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Thread: Linux 3.2 Kernel Officially Christened

  1. #1
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    Default Linux 3.2 Kernel Officially Christened

    Phoronix: Linux 3.2 Kernel Officially Christened

    Linus Torvalds officially christened the Linux 3.2 kernel on Wednesday afternoon...

    http://www.phoronix.com/vr.php?view=MTAzNzM

  2. #2
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    This time it is no good release for everybody. I can only boot my netbook when i blacklist rt2800pci - otherwise it crashes. My i7-880 on h55 chipset with nv 405 card only works with extra kernel option intel_iommu=off. Not really too much fun as it affects about 50% of my boxes that did not require a boot option before. Well a netbook without wlan is not really good...

  3. #3
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    Has this bug only appeared since the last RC?

  4. #4
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    Nope, but it happens on my slowest system with atom cpu with rt2800pci since rc2 (before 32 bit did not build), which i had to identify first - not that funny when the system always crashes when you boot it. Now i blacklisted the correct module to avoid the crash.

  5. #5
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    So when did the bug appear?

  6. #6
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    Well i tested the kernel since it was possible on 32 bit with u mainline kernels. The first available was rc2 for 32 bit because it did not compile before. I really need that netbook, did not try that long. If you have got enough spare parts feel free to send it to me. It is my only netbook...

  7. #7
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    Quote Originally Posted by Kano View Post
    Well i tested the kernel since it was possible on 32 bit with u mainline kernels. The first available was rc2 for 32 bit because it did not compile before. I really need that netbook, did not try that long. If you have got enough spare parts feel free to send it to me. It is my only netbook...
    Did you report the compilation issues?

  8. #8
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    Sure, those are easy to see when only amd64 binaries are there for a couple of weeks.

  9. #9
    Join Date
    Aug 2010
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    Cool Very Happy With 3.2!

    I've been running the 3.2 builds during the development cycle, and this is the happiest I've been in several years with Linux. I'm most excited for the I/O-less dirty throttling work. I can finally write large amounts of data to slow, external usb drives and memory sticks without massive long pauses ( we're talking on the order of 30sec. - 180sec. or so of complete system freeze while the buffer slowly flushed and locked out all other writes) . No need for various kernel tweak attempts to solve the writeback flush issue anymore. I'm currently running 3 rsyncs transferring 100's of gigabytes to 2 separate external usb devices ( one usb 2.0, one usb 3.0 xhci controlleri) and also syncing to a hard disk partition. No long pauses, no audio stutters, and the rsyncs are all moving along at expected platter speeds.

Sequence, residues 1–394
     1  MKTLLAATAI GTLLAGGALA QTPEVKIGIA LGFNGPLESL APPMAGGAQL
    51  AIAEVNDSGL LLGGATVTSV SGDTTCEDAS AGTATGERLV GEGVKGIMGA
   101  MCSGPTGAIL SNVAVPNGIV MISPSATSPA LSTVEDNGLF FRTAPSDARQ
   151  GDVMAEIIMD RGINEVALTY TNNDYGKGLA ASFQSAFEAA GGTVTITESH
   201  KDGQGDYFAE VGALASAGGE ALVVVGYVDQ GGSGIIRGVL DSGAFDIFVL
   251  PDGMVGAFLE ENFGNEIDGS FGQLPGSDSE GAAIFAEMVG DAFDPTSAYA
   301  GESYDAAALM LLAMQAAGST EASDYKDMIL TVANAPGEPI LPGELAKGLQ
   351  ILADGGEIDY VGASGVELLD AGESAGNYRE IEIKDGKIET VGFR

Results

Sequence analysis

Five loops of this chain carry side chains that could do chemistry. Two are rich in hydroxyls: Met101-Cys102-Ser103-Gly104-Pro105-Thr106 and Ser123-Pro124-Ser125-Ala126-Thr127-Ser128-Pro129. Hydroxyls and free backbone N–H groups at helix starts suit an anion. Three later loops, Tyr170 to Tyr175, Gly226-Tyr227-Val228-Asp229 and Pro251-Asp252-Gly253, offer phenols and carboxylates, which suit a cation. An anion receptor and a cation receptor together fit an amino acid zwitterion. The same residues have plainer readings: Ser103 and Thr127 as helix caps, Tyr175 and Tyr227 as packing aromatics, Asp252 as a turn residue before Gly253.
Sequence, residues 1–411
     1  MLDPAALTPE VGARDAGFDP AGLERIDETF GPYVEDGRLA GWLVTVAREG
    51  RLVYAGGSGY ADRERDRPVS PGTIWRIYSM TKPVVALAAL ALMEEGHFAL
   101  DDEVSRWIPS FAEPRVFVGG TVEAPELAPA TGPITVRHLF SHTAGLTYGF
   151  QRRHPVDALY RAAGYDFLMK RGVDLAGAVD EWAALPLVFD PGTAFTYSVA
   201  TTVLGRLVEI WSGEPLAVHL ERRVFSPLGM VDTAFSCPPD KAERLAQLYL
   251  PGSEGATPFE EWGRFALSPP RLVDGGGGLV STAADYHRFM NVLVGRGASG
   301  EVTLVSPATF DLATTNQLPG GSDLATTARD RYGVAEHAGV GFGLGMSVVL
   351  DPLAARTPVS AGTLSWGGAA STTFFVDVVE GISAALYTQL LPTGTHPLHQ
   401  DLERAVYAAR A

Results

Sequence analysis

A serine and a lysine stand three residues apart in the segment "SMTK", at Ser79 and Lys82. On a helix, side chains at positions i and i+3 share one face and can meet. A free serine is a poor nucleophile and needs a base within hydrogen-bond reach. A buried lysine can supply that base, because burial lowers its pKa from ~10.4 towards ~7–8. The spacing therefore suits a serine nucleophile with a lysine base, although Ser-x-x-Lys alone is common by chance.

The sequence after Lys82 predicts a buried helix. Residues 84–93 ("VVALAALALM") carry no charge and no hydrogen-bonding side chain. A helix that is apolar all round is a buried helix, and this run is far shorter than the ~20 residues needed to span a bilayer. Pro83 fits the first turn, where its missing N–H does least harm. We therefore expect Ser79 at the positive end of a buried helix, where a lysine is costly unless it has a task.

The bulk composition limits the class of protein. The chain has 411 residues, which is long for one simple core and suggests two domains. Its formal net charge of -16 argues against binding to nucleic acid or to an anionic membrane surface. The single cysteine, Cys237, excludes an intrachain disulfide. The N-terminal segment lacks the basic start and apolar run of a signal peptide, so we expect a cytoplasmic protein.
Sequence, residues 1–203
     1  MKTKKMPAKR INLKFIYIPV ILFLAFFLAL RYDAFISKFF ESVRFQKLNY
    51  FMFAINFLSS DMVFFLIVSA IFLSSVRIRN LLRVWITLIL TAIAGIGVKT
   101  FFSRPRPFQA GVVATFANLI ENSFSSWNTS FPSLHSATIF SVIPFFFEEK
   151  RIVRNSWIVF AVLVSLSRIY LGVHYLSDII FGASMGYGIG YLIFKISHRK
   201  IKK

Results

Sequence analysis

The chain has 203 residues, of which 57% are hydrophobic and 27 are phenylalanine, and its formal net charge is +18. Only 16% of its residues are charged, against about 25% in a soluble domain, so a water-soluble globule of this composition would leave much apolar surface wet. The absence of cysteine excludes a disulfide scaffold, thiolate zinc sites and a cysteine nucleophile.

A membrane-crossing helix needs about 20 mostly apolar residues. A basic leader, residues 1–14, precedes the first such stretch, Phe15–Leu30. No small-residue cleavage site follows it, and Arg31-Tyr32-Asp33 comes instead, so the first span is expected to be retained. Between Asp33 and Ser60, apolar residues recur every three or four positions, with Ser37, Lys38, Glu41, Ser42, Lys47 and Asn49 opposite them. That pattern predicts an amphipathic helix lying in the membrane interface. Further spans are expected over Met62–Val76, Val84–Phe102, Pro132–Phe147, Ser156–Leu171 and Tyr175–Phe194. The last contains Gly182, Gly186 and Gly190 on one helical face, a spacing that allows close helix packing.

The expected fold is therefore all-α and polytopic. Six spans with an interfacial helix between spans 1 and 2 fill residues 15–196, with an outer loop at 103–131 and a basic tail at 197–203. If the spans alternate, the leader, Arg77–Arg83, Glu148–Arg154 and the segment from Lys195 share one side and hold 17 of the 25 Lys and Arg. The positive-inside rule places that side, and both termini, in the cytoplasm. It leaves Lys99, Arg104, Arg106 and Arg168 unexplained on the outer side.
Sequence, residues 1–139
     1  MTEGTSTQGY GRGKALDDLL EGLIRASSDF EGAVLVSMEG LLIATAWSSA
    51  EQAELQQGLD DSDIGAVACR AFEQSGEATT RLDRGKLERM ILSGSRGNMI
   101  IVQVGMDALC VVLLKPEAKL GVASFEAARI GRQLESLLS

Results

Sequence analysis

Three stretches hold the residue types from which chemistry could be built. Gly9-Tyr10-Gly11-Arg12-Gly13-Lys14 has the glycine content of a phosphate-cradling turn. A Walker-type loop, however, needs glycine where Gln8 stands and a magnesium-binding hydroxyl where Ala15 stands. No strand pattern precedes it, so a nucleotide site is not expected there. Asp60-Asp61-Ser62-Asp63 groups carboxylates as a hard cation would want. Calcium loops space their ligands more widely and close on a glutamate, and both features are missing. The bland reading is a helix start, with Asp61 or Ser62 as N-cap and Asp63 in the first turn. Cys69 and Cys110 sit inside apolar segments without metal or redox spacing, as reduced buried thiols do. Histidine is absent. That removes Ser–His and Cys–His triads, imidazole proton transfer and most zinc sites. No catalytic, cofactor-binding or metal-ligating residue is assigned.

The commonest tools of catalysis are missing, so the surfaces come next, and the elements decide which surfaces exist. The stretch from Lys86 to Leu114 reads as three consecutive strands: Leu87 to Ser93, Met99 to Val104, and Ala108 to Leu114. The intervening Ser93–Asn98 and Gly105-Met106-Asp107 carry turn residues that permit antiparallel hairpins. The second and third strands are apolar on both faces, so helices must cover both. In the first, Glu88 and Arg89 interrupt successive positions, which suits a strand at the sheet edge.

Thanks for all the hard work!

  10. #10
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    Quote Originally Posted by mgmartin View Post
    I've been running the 3.2 builds during the development cycle, and this is the happiest I've been in several years with Linux. I'm most excited for the I/O-less dirty throttling work. I can finally write large amounts of data to slow, external usb drives and memory sticks without massive long pauses ( we're talking on the order of 30sec. - 180sec. or so of complete system freeze while the buffer slowly flushed and locked out all other writes) . No need for various kernel tweak attempts to solve the writeback flush issue anymore. I'm currently running 3 rsyncs transferring 100's of gigabytes to 2 separate external usb devices ( one usb 2.0, one usb 3.0 xhci controlleri) and also syncing to a hard disk partition. No long pauses, no audio stutters, and the rsyncs are all moving along at expected platter speeds.

    Thanks for all the hard work!
    Hey,

    do you know which change fixed this problem?
    Thanks!

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